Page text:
Some physicians rarely provided treatment according to the hospital treatment guidelines, which led to conflicts between the ED nurses and the physicians: Such conflicts created misunderstandings and miscommunication among ED nurses and other health care professionals.

They also depended on the hierarchy and the differences in power relations among health care professions. One junior ED nurse described her experience: The ward nurses, especially the intensive care unit ICU nurses, often refused to receive patients from the ED or demanded the ED nurses to perform all of the nursing procedures for patients before the ICU accepted them.

This resulted in conflicts between ward nurses and ED nurses: They ask so many questions, and we have to do everything completely before transferring a patient to them.

These conflicts led to an inability for the nurses to work together: One ED nurse described her experiences with poor physical health experiences: Another ED nurse shared her experiences of poor psychological health caused by occupational stress: The nurses also reported social problems when they encountered stress at work.

This problems mainly affected relationships with their family and partner: Experiences of Poor Nursing Performance and Feelings of Uncertainty about Resignation Stress in the ED contributed to feelings of uncertainty about whether to leave or continue working at the current workplace among the ED nurses: Furthermore, the ED nurses described their experiences that stress affected the delivery of nursing care.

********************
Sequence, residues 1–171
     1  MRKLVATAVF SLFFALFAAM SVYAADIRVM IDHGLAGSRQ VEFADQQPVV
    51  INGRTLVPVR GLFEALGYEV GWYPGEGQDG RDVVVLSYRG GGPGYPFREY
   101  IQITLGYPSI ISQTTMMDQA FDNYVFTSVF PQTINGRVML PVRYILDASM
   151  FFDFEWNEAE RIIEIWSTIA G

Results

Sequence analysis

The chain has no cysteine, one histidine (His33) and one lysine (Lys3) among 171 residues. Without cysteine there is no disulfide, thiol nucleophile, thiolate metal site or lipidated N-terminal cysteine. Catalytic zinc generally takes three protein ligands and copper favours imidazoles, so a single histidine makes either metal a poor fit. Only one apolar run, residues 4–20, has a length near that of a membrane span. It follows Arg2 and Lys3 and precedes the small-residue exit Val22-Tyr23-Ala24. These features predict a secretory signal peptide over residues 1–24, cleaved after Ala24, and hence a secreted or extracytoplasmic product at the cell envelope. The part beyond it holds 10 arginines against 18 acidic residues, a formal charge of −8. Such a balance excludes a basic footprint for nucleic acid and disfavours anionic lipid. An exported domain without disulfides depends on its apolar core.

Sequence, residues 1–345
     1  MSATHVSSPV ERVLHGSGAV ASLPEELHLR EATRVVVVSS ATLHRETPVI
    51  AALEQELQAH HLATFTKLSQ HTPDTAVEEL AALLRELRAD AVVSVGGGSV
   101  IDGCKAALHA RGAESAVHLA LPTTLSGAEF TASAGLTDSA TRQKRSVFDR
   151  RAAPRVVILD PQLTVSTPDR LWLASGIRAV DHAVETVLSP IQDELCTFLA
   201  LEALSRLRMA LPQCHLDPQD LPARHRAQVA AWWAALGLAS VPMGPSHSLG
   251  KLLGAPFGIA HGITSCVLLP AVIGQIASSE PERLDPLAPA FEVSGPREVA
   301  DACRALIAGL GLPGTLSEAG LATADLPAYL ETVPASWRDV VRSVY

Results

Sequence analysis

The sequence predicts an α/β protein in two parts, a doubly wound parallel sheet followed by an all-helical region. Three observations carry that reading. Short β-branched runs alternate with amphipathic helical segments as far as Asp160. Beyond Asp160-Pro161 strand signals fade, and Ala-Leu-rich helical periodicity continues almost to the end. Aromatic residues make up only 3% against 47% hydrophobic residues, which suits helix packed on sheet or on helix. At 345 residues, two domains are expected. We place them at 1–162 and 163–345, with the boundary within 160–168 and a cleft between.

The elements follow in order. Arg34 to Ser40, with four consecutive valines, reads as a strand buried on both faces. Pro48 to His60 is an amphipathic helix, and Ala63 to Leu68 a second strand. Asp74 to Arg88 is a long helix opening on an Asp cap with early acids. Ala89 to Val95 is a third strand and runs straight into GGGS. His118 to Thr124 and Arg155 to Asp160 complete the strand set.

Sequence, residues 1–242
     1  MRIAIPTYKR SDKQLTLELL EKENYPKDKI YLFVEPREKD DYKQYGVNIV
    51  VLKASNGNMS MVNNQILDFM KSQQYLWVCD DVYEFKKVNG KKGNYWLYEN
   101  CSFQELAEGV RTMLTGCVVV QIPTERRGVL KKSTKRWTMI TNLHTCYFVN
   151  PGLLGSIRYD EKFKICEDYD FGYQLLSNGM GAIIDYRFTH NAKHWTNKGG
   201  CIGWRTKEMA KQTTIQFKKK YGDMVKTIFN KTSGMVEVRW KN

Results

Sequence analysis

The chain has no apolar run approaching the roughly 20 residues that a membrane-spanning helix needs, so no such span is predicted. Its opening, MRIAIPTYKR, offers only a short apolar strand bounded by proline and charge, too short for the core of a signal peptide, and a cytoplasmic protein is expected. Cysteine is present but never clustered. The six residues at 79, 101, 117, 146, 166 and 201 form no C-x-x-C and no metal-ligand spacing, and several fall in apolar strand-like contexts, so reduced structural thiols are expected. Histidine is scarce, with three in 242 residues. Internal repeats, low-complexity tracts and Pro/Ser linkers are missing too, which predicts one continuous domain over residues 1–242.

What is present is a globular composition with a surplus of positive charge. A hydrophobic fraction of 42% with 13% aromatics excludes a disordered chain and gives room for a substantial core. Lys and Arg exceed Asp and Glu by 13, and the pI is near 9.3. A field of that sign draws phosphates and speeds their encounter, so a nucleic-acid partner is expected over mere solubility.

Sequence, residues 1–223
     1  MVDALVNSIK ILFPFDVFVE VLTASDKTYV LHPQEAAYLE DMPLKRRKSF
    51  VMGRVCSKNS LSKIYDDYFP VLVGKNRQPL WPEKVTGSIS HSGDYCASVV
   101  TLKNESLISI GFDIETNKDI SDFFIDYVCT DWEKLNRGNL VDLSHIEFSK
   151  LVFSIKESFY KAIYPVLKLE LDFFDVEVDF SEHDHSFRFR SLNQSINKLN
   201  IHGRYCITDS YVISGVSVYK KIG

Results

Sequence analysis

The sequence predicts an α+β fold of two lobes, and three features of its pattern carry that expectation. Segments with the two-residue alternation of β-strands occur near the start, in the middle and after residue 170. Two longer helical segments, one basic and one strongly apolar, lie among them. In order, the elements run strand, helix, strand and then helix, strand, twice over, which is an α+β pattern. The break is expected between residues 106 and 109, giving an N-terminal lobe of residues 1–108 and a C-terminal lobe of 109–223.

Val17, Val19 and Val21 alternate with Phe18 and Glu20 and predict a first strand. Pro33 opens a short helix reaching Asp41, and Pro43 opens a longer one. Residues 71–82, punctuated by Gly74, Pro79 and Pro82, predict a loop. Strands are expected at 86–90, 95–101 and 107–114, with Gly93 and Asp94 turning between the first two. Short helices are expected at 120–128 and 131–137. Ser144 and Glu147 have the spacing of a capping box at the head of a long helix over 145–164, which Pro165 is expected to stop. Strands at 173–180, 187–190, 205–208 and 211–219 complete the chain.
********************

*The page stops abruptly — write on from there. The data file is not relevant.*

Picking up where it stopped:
They provided incomplete nursing care, and they worked more slowly because of stress: Alleviating Stress Consequences The ED nurses stated three types of coping behaviors including avoidance, debriefing, and positive reframing. Some described that when they were on duty and experienced stress, they walked away from the situation for a while and returned when they felt better: If I feel stressed while I am working, I will take a break, walk away, and then I will come back to fix the problem.

The reason that I walk away is so I can plan and think about how to solve the problem [RN3]. In the workplace, debriefing by talking with colleagues, especially close and trusted ones, was an effective method of stress release among the emergency nursing team: They also alleviated stress while they were at work by turning stress into a challenge and thinking positively: Sometimes I like it. They the patients ask me many questions, and I give them a lot of information as well.

Additionally, they described several stress-releasing methods in daily life, such as sleeping, exercise, and making merits and meditating according to Buddhist practice.

Seeking and Accepting Support The organization provided some support for reducing employee stress, for example, by providing sports activities: The hospital director just gives us a stress assessment survey.